More than 17.9 billion cards, packages and letters are shipped during the holiday season, with 658 million pieces of mail processed on the busiest day. Most of us know by now that shopping online is a great way to compare prices and save money on everything from decorations to gifts, but it's easy to overlook all the shipping and delivering charges you can rack up. Thank goodness for Free Shipping Day.


5. Gift Wrap and Greeting Cards

You probably don't think of cards and gift wrap as major expenses, but these small purchases quickly increase your holiday budget. "At an average price of $3 to $5 per card, plus postage, the cost of sending warm wishes home for the holidays can add up quickly," adds Woroch.


People will spend an average $29.18 on greeting cards alone, and at $3 to $10 per roll or more, wrapping paper really adds up, too. In fact, Americans spend a total of $2.6 billion on gift wrap every year!


6. Charitable Giving

The typical American gives 4.2 percent of their income to charity, with an average donation amount of $142 during the holiday season (versus $91 during the year) according to research by the Network for Good.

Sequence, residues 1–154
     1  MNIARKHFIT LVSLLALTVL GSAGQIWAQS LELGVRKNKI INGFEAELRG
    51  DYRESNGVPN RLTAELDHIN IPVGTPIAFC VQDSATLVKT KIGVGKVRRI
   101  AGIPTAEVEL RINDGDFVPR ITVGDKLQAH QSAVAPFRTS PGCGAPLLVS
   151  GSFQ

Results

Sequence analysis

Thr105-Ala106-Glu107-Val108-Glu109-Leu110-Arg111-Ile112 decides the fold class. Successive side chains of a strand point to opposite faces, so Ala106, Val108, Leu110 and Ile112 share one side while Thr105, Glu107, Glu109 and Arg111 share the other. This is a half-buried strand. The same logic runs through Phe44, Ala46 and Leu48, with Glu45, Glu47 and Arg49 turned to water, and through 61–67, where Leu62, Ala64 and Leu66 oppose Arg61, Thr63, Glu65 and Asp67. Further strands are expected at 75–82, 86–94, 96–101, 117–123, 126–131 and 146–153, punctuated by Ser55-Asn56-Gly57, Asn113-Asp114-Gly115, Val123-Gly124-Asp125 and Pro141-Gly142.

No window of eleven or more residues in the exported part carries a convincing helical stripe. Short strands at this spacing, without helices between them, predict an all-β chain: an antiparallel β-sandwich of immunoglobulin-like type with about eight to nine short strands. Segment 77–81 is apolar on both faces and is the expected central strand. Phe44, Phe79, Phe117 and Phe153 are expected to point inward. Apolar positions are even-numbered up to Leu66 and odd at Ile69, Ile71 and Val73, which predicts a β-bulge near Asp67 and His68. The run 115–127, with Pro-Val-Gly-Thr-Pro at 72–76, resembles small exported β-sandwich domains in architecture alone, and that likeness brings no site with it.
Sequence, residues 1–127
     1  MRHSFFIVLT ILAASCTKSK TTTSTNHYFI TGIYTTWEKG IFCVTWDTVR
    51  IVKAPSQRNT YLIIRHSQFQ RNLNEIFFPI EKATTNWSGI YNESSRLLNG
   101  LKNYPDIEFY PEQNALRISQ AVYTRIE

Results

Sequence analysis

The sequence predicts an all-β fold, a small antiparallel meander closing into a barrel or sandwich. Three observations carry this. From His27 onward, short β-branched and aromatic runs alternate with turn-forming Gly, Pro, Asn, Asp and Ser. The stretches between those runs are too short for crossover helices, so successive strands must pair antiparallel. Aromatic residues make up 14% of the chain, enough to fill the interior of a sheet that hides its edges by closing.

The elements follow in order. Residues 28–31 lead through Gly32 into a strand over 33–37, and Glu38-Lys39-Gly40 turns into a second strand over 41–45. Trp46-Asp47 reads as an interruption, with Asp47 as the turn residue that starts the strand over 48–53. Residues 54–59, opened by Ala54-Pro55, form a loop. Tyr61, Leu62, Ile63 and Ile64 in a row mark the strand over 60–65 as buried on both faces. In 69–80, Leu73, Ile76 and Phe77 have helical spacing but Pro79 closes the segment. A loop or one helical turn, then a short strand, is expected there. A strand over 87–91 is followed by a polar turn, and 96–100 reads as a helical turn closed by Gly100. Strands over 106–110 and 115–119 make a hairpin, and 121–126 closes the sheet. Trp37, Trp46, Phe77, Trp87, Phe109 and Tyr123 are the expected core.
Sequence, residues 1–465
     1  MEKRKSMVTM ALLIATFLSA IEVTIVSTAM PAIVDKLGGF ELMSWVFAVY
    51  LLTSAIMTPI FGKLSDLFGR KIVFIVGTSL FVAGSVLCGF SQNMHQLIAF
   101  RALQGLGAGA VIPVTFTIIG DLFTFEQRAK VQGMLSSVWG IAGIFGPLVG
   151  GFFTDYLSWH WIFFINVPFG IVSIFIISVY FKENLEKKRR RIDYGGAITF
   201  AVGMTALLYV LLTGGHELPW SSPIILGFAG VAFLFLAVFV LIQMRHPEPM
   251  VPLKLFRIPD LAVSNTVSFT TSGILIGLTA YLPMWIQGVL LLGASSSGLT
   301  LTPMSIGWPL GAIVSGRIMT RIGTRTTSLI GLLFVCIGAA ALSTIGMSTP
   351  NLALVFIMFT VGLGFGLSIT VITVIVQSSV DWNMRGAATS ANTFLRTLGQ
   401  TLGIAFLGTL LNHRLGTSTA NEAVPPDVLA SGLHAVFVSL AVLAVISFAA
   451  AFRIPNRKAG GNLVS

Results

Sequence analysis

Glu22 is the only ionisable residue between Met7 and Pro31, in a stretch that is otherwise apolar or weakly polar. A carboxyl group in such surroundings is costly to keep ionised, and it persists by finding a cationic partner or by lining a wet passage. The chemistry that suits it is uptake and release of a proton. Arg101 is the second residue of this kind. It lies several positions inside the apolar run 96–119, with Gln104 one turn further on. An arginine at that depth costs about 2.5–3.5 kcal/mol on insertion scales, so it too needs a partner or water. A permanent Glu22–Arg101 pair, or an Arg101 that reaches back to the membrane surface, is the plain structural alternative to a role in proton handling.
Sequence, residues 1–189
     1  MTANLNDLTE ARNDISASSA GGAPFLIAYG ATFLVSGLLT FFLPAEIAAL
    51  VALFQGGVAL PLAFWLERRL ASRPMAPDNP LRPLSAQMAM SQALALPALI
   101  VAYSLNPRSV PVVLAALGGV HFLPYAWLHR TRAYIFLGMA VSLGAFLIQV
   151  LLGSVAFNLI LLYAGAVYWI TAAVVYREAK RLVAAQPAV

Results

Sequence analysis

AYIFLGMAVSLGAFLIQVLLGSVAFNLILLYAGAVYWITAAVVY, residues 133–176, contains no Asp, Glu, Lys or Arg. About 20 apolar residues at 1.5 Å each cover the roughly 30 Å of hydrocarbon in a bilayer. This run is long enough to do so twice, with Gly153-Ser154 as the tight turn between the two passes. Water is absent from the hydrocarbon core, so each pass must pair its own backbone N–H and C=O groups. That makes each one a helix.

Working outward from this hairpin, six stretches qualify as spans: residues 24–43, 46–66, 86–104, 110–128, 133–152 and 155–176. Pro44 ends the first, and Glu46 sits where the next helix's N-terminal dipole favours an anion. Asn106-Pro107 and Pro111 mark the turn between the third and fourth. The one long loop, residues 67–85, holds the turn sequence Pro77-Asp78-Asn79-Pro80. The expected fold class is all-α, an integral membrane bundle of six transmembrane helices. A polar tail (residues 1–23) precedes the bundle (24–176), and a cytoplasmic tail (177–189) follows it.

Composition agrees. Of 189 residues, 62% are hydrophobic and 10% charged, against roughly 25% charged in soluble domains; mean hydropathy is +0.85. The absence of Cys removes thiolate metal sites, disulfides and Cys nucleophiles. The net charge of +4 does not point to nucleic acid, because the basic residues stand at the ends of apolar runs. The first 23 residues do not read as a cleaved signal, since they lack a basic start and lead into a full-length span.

Between the Salvation Army Santa standing outside storefronts, to the mail carriers, housekeepers, doormen, and other service providers who are expecting a little something extra for Christmas, giving for the holidays can leave you with little cash left for yourself.

Liam Timmons of Timmons Wealth Management reminds us, "This is typically the time of year people are called on to donate, donate, donate, including providing food to local pantries, services to organizations that are swamped, or gifts for needy families and children. Though all very worthwhile, they need to be considered as part of the holiday spending budget."


If giving is an important component of celebrating the holidays for you, be sure to include it as a separate line item in your budget.

How to Take Control of Your Holiday Budget